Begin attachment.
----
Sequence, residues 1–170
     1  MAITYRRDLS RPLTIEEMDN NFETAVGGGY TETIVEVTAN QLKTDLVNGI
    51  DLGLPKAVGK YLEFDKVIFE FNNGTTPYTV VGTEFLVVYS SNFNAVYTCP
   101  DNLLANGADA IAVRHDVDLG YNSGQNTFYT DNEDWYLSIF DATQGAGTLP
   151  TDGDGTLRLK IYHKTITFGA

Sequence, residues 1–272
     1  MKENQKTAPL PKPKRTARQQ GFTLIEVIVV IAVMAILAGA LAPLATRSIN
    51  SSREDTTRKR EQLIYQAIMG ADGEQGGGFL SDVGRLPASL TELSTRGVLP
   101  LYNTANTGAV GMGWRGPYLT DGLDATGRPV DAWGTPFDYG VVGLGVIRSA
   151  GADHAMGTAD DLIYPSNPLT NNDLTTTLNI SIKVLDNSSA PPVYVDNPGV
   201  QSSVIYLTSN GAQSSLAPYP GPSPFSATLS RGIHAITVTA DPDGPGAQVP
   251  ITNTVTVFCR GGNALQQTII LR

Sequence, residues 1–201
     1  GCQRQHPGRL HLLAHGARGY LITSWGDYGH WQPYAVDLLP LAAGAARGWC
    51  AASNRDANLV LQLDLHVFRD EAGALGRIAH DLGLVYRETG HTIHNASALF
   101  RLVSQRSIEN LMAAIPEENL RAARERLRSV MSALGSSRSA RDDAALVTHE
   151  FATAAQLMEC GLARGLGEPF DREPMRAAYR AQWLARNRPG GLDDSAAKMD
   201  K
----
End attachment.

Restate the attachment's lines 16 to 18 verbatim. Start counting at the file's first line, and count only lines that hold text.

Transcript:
   101  RLVSQRSIEN LMAAIPEENL RAARERLRSV MSALGSSRSA RDDAALVTHE
   151  FATAAQLMEC GLARGLGEPF DREPMRAAYR AQWLARNRPG GLDDSAAKMD
   201  K